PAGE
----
And as it starts comparing one state's data with another's, the federal government is comparing the statistical equivalent of apples with oranges.
"States are concerned that many performance standards ... are being based on data systems that are not capable of producing good information," said William Waldman, the New Jersey welfare director named Thursday to head the American Public Welfare Association, the umbrella group representing welfare departments around the country.
Under the old welfare law, states were required to report basic information about a portion of their caseloads, most of it aimed at ensuring that states were paying the correct amount of benefits to recipients. Under the 1996 law, which gave the states greater flexibility in designing welfare programs, much more information is required, including who receives housing subsidies, medical assistance and child care and who is working or is enrolled in training courses.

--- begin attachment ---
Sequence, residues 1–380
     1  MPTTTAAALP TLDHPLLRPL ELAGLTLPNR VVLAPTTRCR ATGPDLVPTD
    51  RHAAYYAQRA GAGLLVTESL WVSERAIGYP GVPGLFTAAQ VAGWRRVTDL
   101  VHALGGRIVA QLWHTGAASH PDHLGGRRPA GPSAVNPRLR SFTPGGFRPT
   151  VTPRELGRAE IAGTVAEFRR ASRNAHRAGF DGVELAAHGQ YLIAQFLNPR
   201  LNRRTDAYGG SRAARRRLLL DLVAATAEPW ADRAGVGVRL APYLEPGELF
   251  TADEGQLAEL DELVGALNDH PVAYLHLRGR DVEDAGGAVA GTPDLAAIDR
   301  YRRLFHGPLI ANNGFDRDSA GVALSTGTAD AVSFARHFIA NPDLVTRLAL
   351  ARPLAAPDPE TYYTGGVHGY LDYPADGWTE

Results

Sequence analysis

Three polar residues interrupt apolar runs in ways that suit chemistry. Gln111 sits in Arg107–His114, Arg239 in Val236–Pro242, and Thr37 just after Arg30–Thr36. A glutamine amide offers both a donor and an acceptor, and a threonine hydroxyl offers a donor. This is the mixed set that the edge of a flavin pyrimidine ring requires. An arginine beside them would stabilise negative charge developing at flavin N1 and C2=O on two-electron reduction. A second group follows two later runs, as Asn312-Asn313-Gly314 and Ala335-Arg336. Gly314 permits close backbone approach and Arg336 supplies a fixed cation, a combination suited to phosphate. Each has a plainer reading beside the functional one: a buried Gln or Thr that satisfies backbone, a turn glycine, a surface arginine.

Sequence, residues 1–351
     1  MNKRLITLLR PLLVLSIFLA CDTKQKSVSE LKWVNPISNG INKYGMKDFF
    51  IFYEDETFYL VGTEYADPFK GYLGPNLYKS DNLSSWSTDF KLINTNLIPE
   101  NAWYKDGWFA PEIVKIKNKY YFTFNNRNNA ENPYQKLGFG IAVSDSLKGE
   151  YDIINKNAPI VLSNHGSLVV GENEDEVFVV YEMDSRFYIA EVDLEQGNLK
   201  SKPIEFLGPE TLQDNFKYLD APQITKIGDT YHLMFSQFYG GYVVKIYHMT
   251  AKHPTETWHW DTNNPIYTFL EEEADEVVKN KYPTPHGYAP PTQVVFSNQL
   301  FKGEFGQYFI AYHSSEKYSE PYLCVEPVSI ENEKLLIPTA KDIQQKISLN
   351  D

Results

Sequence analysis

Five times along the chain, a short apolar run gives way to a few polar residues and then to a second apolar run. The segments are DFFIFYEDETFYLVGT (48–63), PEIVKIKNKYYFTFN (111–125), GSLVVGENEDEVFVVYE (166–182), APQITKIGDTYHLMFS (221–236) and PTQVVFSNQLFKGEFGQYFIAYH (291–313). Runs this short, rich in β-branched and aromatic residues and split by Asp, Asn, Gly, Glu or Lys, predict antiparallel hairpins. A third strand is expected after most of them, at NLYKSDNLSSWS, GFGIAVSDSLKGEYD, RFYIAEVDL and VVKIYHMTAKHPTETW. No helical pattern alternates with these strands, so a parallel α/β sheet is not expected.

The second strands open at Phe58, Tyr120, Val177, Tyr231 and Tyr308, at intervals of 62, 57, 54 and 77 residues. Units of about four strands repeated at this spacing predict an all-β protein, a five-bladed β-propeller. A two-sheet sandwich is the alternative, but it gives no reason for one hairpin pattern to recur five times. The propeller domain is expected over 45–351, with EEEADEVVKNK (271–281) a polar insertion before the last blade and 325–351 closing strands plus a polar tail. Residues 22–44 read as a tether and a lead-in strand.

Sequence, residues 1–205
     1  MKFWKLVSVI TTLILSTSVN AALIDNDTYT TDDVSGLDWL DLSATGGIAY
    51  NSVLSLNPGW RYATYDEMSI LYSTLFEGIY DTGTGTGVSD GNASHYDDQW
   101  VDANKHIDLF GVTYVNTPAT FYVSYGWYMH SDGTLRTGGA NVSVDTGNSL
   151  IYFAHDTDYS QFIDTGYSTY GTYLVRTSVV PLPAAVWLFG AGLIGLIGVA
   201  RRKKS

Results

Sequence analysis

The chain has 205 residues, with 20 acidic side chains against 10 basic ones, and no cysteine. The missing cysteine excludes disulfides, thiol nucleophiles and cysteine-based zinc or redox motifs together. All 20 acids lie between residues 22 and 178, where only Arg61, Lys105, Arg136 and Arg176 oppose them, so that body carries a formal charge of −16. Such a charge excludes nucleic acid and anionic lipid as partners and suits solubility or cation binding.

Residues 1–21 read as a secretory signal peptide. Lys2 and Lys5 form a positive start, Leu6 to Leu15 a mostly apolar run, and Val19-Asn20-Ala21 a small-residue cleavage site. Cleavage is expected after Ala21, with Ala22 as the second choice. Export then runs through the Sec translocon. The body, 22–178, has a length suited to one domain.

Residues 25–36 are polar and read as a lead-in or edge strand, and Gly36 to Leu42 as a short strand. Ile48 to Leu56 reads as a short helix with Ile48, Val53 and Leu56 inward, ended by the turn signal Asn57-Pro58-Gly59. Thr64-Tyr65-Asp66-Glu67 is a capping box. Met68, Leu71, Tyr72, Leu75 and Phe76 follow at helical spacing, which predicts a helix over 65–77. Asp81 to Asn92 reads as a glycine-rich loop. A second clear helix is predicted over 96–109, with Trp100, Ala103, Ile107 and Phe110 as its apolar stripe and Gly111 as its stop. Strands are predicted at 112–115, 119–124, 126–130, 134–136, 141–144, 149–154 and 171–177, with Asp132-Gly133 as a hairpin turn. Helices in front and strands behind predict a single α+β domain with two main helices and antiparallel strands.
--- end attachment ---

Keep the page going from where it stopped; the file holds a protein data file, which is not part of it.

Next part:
Under the temporary rules in effect, states are told to report 67 pieces of information each for at least 3,000 families on their caseloads. But under proposed guidelines to take effect later this year, that number would rise to 178.
Among state officials, the information-gathering process has become one of the most pressing issues in their welfare efforts.
Elaine Ryan, director of legislative affairs at the association of welfare agencies, said when she organized a session on these technical questions at a meeting of state directors last month, she anticipated that a dozen states would show up. She was startled when 43 did.
But despite the high level of anxiety among states, she said the federal government has been unable to give timely or clear guidance about exactly how to report information, what definitions to use and what rules to follow.
Ryan said HHS did not tell states what information to collect until last September, but then required them to collect it dating to July.
"I do wonder what the heck they are doing," she said. "It's really frustrating."